After taking a swipe at Charles Saatchi during the Frieze auctions, the The Economist returns to tackle Philippe Ségalot and the Phillips de Pury Carte Blanche sale assembled by the private dealer.
For “Carte Blanche”, French-born Mr Ségalot was, in his own words, the “chef d’orchestre”. The works consigned for sale went through his office rather than Phillips’s art department. So did the paperwork for the pieces that he purchased on behalf of his clients. In return, he received a percentage of the buyer’s premium. […] On the night, some astonishing prices were paid for unlikely works. […] But the art world suspects that some of the buyers may be less than delighted in the long run.
The auction was certainly distinctive. On a number of lots, Mr Ségalot was seen to be bidding against his assistant, Ali Rosenbaum, and also his business partner, Franck Giraud. All three would have been representing collectors. Asked whether acting for buyers as well as for sellers on the same lot might constitute a conflict of interest, Mr Ségalot insisted it was not a problem. He said he went to his clients before he committed himself to “Carte Blanche” […]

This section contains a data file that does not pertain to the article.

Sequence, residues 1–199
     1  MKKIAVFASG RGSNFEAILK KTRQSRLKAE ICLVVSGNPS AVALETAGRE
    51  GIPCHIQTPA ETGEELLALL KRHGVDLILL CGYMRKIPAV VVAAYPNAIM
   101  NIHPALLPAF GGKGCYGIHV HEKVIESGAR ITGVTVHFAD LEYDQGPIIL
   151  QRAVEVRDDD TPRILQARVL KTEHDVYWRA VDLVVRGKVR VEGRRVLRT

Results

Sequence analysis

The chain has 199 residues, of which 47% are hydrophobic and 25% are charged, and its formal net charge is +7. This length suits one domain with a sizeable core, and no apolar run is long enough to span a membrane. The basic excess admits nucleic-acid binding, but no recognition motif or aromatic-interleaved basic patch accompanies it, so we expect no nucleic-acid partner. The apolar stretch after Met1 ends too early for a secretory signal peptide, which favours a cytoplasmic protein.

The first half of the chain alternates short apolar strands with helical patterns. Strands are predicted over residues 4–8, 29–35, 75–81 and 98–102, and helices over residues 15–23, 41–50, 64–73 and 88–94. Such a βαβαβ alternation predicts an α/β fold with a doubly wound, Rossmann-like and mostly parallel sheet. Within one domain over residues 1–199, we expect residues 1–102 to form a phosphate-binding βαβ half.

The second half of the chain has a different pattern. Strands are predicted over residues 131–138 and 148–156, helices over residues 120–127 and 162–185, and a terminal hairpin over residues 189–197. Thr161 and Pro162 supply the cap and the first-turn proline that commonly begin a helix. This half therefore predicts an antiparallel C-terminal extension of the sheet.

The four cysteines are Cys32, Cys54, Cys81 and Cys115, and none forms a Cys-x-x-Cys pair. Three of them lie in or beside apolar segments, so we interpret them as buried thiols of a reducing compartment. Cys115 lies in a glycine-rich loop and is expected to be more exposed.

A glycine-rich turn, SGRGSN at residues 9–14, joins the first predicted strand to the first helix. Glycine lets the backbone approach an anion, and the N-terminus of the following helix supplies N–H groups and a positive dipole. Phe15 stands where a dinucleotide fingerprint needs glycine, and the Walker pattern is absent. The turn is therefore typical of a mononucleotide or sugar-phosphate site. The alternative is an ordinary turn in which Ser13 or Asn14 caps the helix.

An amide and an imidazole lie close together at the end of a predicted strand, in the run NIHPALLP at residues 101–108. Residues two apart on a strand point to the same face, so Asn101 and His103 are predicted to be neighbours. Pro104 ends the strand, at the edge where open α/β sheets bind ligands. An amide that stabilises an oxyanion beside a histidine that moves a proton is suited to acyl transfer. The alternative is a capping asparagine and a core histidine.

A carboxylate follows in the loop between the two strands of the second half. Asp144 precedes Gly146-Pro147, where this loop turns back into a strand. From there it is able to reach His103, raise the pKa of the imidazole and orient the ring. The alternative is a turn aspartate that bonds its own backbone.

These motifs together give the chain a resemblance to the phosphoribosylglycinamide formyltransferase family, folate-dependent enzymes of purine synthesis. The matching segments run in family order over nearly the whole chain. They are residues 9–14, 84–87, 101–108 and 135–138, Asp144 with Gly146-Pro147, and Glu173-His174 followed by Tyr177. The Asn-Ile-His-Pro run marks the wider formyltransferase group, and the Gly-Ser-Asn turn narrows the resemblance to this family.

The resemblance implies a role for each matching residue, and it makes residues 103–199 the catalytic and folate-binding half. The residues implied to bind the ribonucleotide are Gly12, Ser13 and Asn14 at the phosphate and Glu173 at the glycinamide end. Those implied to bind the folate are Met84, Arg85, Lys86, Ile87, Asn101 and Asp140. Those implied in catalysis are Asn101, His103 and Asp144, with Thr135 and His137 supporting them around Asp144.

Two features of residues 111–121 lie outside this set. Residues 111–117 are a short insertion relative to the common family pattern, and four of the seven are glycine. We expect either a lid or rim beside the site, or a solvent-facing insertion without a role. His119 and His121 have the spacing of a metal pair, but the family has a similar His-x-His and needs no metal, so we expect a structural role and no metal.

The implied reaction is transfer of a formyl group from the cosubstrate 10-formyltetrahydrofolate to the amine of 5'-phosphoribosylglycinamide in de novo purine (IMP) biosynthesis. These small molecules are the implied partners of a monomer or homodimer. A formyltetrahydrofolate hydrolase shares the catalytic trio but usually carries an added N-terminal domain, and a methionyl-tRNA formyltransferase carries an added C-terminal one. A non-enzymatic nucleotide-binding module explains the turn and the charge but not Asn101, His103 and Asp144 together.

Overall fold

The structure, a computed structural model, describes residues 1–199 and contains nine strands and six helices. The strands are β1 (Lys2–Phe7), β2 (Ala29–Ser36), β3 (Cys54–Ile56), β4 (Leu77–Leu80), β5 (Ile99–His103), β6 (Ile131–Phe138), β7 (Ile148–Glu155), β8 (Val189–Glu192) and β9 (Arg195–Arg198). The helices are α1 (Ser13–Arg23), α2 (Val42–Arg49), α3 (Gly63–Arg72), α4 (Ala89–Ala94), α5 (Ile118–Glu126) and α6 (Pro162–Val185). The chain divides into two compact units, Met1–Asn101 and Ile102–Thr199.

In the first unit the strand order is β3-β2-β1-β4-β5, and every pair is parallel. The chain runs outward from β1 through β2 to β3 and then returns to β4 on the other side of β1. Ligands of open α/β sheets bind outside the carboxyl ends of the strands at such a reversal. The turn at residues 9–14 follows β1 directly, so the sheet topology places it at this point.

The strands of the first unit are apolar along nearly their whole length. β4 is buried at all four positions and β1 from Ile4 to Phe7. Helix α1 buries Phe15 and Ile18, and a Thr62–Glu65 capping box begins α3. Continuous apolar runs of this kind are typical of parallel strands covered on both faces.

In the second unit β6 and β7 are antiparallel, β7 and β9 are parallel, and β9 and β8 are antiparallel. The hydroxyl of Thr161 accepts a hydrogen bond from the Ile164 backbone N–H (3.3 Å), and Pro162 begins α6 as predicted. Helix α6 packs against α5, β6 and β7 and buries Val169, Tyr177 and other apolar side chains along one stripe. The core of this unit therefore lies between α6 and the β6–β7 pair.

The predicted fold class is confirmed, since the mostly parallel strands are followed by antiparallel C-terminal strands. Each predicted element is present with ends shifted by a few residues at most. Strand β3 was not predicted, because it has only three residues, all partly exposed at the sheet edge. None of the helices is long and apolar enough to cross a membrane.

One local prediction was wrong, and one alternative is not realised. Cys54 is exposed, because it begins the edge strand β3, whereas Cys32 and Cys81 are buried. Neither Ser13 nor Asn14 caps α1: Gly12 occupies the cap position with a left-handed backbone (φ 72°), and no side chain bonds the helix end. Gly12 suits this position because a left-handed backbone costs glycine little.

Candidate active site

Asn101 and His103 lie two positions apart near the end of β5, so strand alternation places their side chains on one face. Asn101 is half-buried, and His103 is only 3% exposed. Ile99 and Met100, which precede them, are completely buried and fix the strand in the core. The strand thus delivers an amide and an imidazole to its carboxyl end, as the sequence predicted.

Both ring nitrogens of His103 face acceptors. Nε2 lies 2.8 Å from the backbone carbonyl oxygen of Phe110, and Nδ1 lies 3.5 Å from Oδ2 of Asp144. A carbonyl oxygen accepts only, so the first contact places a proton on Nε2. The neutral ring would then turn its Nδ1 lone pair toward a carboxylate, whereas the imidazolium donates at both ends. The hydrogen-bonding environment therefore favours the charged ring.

Financial guarantees also helped secure a number of consignments. […] Seven of the 33 lots in “Carte Blanche” were guaranteed, a far higher percentage than offered either by Christie’s or Sotheby’s in their contemporary-art sales the same week. (Christie’s offered guarantees on seven out of 76 lots; Sotheby’s only on four out of 55 lots). On the night, Mr Ségalot and his assistant, bidding on behalf of their clients, bought six of the seven guaranteed lots—four of which made record prices.
How these sales are different from what Ségalot and his partners do on a daily basis–except for the fact that it was done in public–is not explained.
A Passion that Knows No Bounds (Economist)